Captain W. H. Humphrey
Captain W.H. Humphrey, son of William H. and Genettie (Ball) Humphrey, was born February 18, 1844, at Vermilion, Ohio, the birthplace of many men who have gained prominence as masters of lake vessels. He received the education usually allowed to the youth of that day in the district schools of his native place, but he transferred the scenes of his future efforts to the bosom of Lake Erie, running away from home. On April 1, 1861, he found a berth as boy on the old propeller Cleveland, plying in the Northern Transportation Company, between Ogdensburg and Chicago and touching at intermediate points. Captain Reed was then in command of the Cleveland and he took good care of young Humphrey during the season he remained. In 1862 he again went as boy on the propeller Wisconsin, of the same line, remaining throughout that season. In 1863 he shipped as seaman on the schooner Tracy G. Bronson, this service being followed by three seasons on the schooner Exchange with Captain Rowell. In 1867 he was given mate's berth on the schooner Exchange with Capt. M. Thompson, for the season; in 1868 he shipped as mate with Capt. S. Lampoh on the schooner Escanaba; in 1869-70 he was mate of the schooner Negaunee; and in 1871 mate of the Alva Bradley. In the spring of 1872 he was pointed master of the schooner Leonard Hanna, which he sailed eight years, and the length of time he remained in that employ renders it unnecessary to say that he gave good satisfaction throughout.
Captain Humphrey then turned his attention to steamcraft, and in the spring of 1881 he was appointed master of the steamer Oscar Townsend; the confidence entertained by the owners in him was but a repetition of his previous experience, as he retained his command seven years, during that time proving himself as capable of handling a steamboat as a sailing vessel. He then transferred to the steamer R.R. Rhodes, which he sailed as master one season, the following season serving in the new steamer Neosho, and in the spring of 1891 bringing out the new sister ship Neshoto, which he continued to sail seven years, laying her up at the close of navigation of 1897. He superintended the construction of the three last-named steamers, which he brought out new -- the R.R. Rhodes, Neosho and Neshoto -- all of which are well built; he also owned some interest in them. Captain Humphrey has shown himself to be a prudent and careful steamboat master and a man of good business methods, securing quick dispatch in ports. He is a member of the Ship Masters Association, and carries Pennant No. 264. He is also a Master Mason, belonging to Bigelow Lodge, Cleveland.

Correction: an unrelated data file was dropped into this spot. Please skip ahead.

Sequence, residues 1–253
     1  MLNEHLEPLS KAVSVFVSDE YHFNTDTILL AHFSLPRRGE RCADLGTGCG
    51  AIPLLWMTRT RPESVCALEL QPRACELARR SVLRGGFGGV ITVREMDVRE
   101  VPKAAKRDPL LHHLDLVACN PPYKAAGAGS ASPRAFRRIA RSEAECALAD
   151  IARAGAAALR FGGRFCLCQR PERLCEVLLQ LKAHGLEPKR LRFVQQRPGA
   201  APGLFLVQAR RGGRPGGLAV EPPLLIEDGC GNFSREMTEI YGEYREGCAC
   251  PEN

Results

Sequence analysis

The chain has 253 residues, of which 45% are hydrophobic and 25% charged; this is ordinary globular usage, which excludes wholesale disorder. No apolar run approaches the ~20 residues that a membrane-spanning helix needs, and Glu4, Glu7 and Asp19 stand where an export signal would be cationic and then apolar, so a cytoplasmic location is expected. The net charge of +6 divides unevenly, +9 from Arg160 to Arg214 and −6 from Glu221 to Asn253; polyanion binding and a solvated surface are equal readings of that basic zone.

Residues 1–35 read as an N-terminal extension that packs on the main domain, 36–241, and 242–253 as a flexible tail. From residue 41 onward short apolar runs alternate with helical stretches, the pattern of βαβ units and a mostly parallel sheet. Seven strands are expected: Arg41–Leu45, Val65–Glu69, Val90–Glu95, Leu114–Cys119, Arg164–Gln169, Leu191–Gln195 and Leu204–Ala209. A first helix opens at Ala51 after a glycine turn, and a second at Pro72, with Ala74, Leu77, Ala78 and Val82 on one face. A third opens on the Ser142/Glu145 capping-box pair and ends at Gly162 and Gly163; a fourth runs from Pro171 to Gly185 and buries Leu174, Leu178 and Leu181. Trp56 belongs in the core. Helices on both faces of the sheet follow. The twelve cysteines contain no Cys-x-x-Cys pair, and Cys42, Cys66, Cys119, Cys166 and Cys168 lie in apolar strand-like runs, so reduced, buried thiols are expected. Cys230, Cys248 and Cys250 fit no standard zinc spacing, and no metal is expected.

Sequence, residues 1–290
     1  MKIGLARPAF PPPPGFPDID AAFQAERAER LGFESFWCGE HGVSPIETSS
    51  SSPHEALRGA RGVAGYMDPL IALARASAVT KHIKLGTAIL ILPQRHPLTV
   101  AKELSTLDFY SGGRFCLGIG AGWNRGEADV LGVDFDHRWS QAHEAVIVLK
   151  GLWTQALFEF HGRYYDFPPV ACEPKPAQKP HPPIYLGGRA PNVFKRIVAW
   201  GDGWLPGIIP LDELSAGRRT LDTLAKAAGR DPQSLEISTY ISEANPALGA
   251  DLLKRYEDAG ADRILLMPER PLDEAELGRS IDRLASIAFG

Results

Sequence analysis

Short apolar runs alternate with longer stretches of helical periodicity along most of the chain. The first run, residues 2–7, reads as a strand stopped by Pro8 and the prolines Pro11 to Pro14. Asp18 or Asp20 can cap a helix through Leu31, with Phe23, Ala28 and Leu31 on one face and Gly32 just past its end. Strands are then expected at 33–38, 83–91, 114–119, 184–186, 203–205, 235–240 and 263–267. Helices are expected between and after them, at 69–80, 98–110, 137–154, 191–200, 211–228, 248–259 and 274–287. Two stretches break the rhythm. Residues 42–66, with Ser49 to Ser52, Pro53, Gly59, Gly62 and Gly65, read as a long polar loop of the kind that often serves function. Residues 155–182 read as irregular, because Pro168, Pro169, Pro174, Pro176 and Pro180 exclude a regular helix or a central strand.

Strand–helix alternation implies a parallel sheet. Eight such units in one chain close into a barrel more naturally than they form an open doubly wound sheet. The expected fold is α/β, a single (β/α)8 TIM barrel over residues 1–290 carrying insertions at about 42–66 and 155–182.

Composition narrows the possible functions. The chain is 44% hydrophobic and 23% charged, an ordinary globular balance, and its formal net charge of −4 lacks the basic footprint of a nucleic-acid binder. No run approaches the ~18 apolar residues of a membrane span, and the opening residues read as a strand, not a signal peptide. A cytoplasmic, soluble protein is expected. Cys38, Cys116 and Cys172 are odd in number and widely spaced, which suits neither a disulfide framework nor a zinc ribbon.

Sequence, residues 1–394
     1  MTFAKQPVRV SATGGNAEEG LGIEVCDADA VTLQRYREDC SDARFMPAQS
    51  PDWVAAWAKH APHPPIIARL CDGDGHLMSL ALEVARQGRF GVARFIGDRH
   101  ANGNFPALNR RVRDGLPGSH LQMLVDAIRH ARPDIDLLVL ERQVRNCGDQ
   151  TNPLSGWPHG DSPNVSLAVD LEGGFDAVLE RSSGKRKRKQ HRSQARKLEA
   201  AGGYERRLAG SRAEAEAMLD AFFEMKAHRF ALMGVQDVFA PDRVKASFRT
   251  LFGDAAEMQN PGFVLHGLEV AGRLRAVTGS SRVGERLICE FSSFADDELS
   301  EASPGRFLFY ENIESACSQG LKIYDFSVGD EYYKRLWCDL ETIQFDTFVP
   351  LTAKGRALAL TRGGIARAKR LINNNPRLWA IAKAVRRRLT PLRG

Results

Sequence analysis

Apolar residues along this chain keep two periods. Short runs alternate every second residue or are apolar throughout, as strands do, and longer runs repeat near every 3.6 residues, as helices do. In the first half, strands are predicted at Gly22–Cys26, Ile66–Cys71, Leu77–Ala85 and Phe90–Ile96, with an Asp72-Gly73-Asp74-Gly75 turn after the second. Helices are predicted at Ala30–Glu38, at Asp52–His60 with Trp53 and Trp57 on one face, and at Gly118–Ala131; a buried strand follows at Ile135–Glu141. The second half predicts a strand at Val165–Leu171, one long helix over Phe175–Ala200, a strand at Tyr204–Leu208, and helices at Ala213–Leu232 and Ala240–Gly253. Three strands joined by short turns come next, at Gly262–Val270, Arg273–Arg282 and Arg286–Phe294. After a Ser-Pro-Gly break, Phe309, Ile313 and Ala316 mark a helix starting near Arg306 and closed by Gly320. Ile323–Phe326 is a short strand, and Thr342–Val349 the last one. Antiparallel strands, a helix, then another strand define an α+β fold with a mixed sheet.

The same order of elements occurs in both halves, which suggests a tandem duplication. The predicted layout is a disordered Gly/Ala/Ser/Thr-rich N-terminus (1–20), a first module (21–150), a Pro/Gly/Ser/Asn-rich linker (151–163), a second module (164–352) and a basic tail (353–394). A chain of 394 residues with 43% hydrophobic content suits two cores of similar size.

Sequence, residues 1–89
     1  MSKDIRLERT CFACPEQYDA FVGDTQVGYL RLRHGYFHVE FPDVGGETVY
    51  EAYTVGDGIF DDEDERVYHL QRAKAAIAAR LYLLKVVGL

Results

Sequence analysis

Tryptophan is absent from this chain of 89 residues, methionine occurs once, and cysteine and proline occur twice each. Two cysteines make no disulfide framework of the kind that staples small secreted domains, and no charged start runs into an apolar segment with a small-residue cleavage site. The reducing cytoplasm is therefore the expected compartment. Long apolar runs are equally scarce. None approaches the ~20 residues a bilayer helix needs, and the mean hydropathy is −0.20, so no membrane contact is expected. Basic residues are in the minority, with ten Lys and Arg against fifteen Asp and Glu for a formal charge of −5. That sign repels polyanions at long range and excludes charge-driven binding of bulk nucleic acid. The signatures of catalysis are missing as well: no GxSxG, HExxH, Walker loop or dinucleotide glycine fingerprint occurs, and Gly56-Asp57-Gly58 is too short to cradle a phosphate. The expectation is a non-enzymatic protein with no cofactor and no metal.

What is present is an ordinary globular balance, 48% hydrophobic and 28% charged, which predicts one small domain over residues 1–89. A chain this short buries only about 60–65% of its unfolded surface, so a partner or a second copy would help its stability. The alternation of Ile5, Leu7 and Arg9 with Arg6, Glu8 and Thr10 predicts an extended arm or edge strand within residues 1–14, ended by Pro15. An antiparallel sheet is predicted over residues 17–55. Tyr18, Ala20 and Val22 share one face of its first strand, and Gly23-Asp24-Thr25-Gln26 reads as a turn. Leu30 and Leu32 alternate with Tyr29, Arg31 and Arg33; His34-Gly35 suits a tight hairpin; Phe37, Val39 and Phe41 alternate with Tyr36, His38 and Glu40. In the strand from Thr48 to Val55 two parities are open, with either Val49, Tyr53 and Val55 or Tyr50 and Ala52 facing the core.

The Captain was united in marriage to Miss Mary Harley, of Cleveland, in December, 1866, and three children have been born to this union: May L., Everett E. and Louis G. The Captain has acquired some realty during his long career of a quarter of a century as master, and his home is located in the pleasant town of Painesville, Ohio, where he retires during the winter.
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This version of Volume II is based, with permission, on the work of the great volunteers at the Marine Captains Biographies site. To them goes the credit for reorganizing the content into some coherent order. The biographies in the original volume are in essentially random order.
Some of the transcription work was also done by Brendon Baillod, who maintains an excellent guide to Great Lakes Shipwreck Research.